Generally though, I’m hopeful. The series seems to have a much clearer mission statement now, as well as a bit of an idea as to what it’s going to do with itself. The arcs set up at the end of the previous season sound pretty good to me - rebuilding SHIELD from the ground up, for example, could be quite interesting. The issues they’d face with distrust from, well, everyone whilst trying to protect people has some good potential.
Ultimately then, I’m looking forward to it. When it does come out, I’ll try and write about anything that stands out to me about it.
hi so my friend alice has been missing for over 24 hours now and everyone is getting really worried, so if you live around london uk would you please ring 101 if you see this girl, it would mean a lot thank you bye
I saw a post earlier, which was a criticism of Steven Moffat. I’m not going to link to it, mainly because I don’t have the link, but it was essentially a comparison between the way the Doctor talks to his companions in RTD stories and in Moffat stories.
The dialogue selected was, basically, paraphrasing of when RTD would give the Doctor speeches about how important his companion was, and examples of the recent snark between 12 and Clara - things like calling her egotistical, bossy, or short and roundish. These quotes were being used to vilify Moffat for… treating fictional characters poorly, probably.
The thing is though, they were absolutely false equivalents.
First of all, there’s the issue that the quotes were entirely devoid of context. The comments selected about Moffat companions are jokes between the characters - snarky banter, nothing more. It’s not intended as an insult or a put down. It’s not the Doctor being emotionally cruel or anything like that. (Check out Seven talking to Ace in The Curse of Fenric, then come back to talk about emotional cruelty!)
On top of that, Moffat has got speeches were the Doctor talks about how wonderful his companions are - there’s plenty where Eleven talks about Amy or Clara is, and even a few where he says that Rory is great. Conversely, RTD has had a few where he insults companions - there’s the bit about Jackie in Army of Ghosts, Donna in The Christmas Invasion, and plenty of occasions with Mickey.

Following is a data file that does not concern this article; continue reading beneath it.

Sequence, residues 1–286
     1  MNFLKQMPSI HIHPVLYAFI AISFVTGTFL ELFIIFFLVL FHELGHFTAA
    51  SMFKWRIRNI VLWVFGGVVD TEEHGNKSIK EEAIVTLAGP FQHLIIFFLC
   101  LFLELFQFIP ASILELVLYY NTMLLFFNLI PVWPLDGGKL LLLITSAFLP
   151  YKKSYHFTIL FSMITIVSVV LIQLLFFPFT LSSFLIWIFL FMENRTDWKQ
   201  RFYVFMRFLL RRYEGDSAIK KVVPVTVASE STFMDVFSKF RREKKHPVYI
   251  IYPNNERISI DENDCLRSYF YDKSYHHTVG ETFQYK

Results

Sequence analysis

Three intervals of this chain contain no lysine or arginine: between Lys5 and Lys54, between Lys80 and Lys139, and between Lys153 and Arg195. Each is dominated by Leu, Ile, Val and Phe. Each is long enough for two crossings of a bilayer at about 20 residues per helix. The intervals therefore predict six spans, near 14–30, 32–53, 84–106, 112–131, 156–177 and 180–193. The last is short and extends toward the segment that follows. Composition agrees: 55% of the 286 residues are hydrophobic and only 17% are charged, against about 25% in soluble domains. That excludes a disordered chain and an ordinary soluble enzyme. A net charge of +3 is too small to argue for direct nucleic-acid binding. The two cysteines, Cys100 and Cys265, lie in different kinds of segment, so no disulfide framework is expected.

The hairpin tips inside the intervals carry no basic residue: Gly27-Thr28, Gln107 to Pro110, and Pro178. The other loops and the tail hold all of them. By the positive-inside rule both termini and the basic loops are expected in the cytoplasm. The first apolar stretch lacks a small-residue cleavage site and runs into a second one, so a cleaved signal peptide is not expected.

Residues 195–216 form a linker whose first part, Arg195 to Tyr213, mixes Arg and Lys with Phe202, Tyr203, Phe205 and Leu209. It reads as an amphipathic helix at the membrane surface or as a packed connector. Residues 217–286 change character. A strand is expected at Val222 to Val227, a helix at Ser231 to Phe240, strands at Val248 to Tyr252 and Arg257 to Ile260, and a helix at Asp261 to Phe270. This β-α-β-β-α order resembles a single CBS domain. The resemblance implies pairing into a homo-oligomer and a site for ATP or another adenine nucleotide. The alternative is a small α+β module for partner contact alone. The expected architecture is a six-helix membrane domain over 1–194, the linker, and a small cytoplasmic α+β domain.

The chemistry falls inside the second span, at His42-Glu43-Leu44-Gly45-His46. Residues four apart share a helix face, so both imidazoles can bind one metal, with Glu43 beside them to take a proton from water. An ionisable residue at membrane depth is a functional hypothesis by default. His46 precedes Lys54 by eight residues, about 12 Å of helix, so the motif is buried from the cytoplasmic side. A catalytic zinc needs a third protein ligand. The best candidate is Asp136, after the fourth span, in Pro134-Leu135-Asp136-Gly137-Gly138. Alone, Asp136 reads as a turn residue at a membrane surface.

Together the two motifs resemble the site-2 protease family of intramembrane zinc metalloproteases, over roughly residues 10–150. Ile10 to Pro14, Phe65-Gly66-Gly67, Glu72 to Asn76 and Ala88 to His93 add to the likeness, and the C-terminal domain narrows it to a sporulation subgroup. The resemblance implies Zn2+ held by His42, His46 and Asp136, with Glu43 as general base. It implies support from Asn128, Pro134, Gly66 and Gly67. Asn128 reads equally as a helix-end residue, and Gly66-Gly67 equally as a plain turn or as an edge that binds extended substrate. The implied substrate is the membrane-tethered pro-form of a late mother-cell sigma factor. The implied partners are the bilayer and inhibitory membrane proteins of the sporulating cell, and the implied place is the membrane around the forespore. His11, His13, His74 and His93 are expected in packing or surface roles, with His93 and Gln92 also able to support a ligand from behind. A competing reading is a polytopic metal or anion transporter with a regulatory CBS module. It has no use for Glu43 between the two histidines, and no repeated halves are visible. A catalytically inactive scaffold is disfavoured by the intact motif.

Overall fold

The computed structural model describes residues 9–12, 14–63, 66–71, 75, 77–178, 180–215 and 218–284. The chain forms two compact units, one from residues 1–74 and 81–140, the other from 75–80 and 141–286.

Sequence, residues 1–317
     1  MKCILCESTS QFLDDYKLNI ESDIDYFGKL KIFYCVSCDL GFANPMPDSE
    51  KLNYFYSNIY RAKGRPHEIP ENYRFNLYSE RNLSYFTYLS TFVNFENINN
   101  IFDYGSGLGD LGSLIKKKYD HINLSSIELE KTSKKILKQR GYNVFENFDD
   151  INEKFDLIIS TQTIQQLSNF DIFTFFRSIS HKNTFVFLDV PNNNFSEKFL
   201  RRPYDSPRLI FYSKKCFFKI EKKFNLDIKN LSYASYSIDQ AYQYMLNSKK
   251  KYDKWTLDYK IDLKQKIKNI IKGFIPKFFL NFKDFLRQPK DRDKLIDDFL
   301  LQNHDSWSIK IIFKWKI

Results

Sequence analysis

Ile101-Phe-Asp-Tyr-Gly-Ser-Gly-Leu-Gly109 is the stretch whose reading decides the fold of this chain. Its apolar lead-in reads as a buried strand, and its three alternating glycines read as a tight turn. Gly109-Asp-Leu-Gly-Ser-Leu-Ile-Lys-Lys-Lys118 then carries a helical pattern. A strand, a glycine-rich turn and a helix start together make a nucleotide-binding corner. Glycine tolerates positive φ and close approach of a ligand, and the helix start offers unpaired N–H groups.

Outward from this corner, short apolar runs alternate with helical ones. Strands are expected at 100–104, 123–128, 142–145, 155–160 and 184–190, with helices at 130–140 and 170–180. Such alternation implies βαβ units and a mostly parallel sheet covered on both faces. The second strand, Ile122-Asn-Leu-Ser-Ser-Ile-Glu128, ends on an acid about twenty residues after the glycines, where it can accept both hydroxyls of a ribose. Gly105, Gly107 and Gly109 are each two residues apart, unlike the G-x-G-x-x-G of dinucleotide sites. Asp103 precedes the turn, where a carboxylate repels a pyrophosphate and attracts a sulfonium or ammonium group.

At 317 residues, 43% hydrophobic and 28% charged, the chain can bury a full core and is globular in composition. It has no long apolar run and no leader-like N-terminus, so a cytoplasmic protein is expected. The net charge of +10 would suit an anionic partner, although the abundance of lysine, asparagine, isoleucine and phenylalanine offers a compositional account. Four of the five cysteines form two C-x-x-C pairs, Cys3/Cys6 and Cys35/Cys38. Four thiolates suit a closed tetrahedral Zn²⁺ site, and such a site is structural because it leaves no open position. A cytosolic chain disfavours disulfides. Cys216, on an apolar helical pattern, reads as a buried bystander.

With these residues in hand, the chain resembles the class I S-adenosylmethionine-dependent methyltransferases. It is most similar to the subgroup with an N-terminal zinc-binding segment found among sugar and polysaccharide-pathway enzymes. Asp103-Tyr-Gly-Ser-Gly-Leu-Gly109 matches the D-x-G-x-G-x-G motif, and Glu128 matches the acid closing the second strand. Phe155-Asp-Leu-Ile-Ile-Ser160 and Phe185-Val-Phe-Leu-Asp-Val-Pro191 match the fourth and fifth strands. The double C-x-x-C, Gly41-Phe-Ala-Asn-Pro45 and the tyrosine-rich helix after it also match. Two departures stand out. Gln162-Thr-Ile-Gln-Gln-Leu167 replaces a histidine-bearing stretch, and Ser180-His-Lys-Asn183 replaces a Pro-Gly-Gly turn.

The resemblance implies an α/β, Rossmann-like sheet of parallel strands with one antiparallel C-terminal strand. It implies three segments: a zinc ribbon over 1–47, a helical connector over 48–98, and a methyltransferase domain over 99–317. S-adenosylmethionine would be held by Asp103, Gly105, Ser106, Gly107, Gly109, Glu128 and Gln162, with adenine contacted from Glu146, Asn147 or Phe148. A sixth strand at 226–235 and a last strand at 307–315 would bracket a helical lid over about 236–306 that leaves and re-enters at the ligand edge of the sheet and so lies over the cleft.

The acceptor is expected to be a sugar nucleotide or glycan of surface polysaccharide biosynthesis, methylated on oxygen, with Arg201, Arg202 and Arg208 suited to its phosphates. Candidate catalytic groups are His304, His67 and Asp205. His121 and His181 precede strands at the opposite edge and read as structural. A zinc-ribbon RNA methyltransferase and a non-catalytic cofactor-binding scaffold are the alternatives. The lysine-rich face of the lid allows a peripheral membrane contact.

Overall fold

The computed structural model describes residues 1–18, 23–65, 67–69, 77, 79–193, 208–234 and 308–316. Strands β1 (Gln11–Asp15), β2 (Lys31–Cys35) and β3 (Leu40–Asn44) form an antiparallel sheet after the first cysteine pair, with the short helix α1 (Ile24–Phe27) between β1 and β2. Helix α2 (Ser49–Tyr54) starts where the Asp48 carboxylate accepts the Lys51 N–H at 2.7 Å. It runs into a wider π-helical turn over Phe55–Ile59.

Now, I’d never say that Moffat is perfect, because I don’t think he is. Better than people suggest, but not perfect, no. But that? That wasn’t a valid criticism of his writing, or treatment of women, or even his sense of humour. Frankly, it’s just a mistake. More than that, it’s deliberately picking out certain things whilst ignoring others, all devoid of context, to try and make him look as bad as possible.
That doesn’t help. Because it makes you look like a fool, and it means people are just going to switch off from your arguments. There are things that need to be pointed out, yes, but to flat out make things up to demonise someone?
Vague reminder that I have an index of posts, found here. I’ve logged everything, more or less, that I’ve written for the blog; posts on Doctor Who, Elementary, Sherlock, Agents of SHIELD, writing, comics, books and films can all be found there.
It’s updated every so often (read: when procrastinating, like now) and contains links pretty much all of my posts (reviews, analyses, the occasional piece of fiction), so… give it a look.
All those years ago, when I began, I was just running. I called myself the Doctor, but it was just a name. But then I went to Skaro. And then I met you lot. And I understood who I was. The Doctor was not the Daleks.
Daleks are pretty amazing really, aren’t they?
They’re one of the most enduring concepts in fiction of the 20th Century - there aren’t a great many things which could claim to have had such an impact upon the zeitgeist, or such an impact to their presence.
They started out as Nazi metaphors, but they’ve outlived that. They have a new relevance. Daleks are creatures of hatred; they’re twisted mirrors which show our own propensity for cruelty and evil.
Daleks are far more than just another Doctor Who monster. They’re the perennial threat, there since the start, all those years ago, when it began. To use them simply as monsters shooting and killing, whilst a lot of fun, is something of a waste. They can be a lot more - they are a lot more.
Whatever creative endeavour you choose, just do it. Do it everyday, despite what people say, whether they say you’re bad at it or you’re weird, just do it. Keep doing it because they say that. Do it in the face of everyone who tells you not to.
I feel like I need to give some context for this. Meatspace (as in, the opposite of cyberspace) is a half hour television pilot which was made by a group of volunteers across four days on a budget of £200. It’s going to be broadcast live on the writer/director’s YouTube channel on Friday September 5th at 21:00.
It was written and directed by William “Trilbee” Carlisle, who I know of from his television and film reviews at MrTARDISreviews and TrilbeeReviews. It’s consistently interesting stuff, with some very insightful criticisms of different media. Obviously, I was interested to see what his own TV show was like, so I volunteered to review the rough cut of the episode as part of the press release. And here we are.
Lydia, David, and Jamie.